Federal regulators on Monday made permanent an emergency rule aimed at reducing abusive short-selling, put in at the height of last fall’s market turmoil.
The Securities and Exchange Commission announced that it took the action on the rule targeting so-called “naked” short-selling, which was due to expire Friday.
Short-sellers bet against a stock. They generally borrow a company’s shares, sell them, and then buy them when the stock falls and return them to the lender — pocketing the difference in price.
“Naked” short-selling occurs when sellers don’t even borrow the shares before selling them, and then look to cover positions sometime after the sale.
The SEC rule includes a requirement that brokers must promptly buy or borrow securities to deliver on a short sale.
At the same time, the SEC has been considering several new approaches to reining in rushes of regular short-selling that also can cause dramatic plunges in stock prices.
Investors and lawmakers have been clamoring for the SEC to put new brakes on trading moves they say worsened the market’s downturn starting last fall. SEC Chairman Mary Schapiro has said she is making the issue a priority.
Some securities industry officials, however, have maintained that the SEC’s emergency order on “naked” short-selling brought unintended negative consequences, such as wilder price swings and turbulence in the market.
The five SEC commissioners voted in April to put forward for public comment five alternative short-selling plans. One option is restoring a Depression-era rule that prohibits short sellers from making their trades until a stock ticks at least one penny above its previous trading price. The goal of the so-called uptick rule is to prevent selling sprees that feed upon themselves — actions that battered the stocks of banks and other companies over the last year.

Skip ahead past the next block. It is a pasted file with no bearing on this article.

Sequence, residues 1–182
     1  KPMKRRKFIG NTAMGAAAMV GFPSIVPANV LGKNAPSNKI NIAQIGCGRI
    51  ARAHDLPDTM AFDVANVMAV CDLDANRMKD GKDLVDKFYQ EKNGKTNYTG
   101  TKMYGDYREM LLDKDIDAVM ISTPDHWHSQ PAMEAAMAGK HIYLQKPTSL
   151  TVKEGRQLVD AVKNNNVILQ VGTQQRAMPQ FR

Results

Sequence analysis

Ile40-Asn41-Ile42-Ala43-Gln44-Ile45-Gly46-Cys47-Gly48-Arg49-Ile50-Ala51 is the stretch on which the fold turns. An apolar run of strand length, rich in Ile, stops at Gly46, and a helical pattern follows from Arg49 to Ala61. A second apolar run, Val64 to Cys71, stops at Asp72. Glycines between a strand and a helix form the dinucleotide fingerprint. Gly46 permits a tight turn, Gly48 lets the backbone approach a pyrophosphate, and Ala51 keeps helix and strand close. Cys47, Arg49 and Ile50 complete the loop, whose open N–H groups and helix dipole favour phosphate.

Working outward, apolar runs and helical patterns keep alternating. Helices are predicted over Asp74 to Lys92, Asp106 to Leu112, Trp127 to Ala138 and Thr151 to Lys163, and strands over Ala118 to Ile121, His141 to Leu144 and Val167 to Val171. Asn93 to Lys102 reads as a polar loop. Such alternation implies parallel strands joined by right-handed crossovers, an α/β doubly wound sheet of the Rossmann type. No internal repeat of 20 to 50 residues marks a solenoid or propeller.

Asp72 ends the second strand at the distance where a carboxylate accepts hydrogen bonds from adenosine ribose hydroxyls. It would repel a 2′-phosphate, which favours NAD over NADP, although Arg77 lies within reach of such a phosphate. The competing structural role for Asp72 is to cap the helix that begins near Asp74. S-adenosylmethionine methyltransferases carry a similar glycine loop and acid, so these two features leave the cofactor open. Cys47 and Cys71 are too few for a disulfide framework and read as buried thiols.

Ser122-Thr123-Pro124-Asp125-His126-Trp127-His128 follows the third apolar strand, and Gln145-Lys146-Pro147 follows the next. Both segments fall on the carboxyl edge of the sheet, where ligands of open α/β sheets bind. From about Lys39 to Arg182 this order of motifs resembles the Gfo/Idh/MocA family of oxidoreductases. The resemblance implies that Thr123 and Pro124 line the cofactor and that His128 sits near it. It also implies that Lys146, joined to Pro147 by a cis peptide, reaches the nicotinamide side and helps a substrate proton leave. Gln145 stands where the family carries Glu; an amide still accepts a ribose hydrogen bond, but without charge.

Another approach would ban short-selling for the rest of the trading session in a stock that declines by 10 percent or more.
Schapiro said last week the SEC could decide on a final course of action in “the next several weeks or several months.”
In addition to making the “naked” short-selling rule permanent, the SEC and its staff are working with major stock exchanges to make data on short-sale transactions and volumes publicly available through the exchanges’ Web sites, the SEC announcement said. It will result in “a substantial increase” over the amount of information currently required, the agency said.
“Today’s actions demonstrate the (SEC’s) determination to address short-selling abuses while at the same time increasing public disclosure of short-selling activities that affect our markets,” Schapiro said in a statement.
The SEC also said it will hold a public hearing on Sept. 30 to address stock lending for short-selling and possible new disclosures related to short-selling that could be required.
The actions were announced the same day a new advisory committee, established to advise the SEC on regulatory issues, financial disclosure, trading fees and other matters, held its first public meeting at the agency’s Washington headquarters. Schapiro, who took the helm of the agency in January, created the committee to gather views from parties outside the traditional power corridors of Wall Street and Washington — one of a number of measures designed to strengthen the SEC at a time when it has been called on to help restore investor confidence shattered by the worst financial crisis in more than 70 years.
Separately Monday, Sen. Charles Schumer, D-N.Y., a member of the Senate Banking Committee, said he has asked Schapiro to ban the practice of so-called “flash trading,” which enables some big Wall Street banks and hedge funds to get an advance look at investors’ stock orders before they hit the market.
The use of super-fast computers by those participants to spy on orders gives them an unfair advantage, Schumer wrote in a letter Schapiro. If the SEC fails to act, Schumer said he would consider proposing legislation to ban flash trading.
“This kind of unfair access seriously compromises the integrity of our markets and creates a two-tiered system where a privileged group of insiders receive preferential treatment, depriving others of a fair price for their transactions,” Schumer told Schapiro.